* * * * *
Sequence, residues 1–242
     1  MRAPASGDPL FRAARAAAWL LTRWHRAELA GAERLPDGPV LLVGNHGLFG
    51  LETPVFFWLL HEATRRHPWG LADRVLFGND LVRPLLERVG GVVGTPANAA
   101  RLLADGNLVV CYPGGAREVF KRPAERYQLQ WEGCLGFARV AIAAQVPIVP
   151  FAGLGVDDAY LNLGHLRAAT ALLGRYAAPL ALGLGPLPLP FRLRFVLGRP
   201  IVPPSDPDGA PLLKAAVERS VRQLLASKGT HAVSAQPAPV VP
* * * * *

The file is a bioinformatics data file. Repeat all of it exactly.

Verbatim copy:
Sequence, residues 1–242
     1  MRAPASGDPL FRAARAAAWL LTRWHRAELA GAERLPDGPV LLVGNHGLFG
    51  LETPVFFWLL HEATRRHPWG LADRVLFGND LVRPLLERVG GVVGTPANAA
   101  RLLADGNLVV CYPGGAREVF KRPAERYQLQ WEGCLGFARV AIAAQVPIVP
   151  FAGLGVDDAY LNLGHLRAAT ALLGRYAAPL ALGLGPLPLP FRLRFVLGRP
   201  IVPPSDPDGA PLLKAAVERS VRQLLASKGT HAVSAQPAPV VP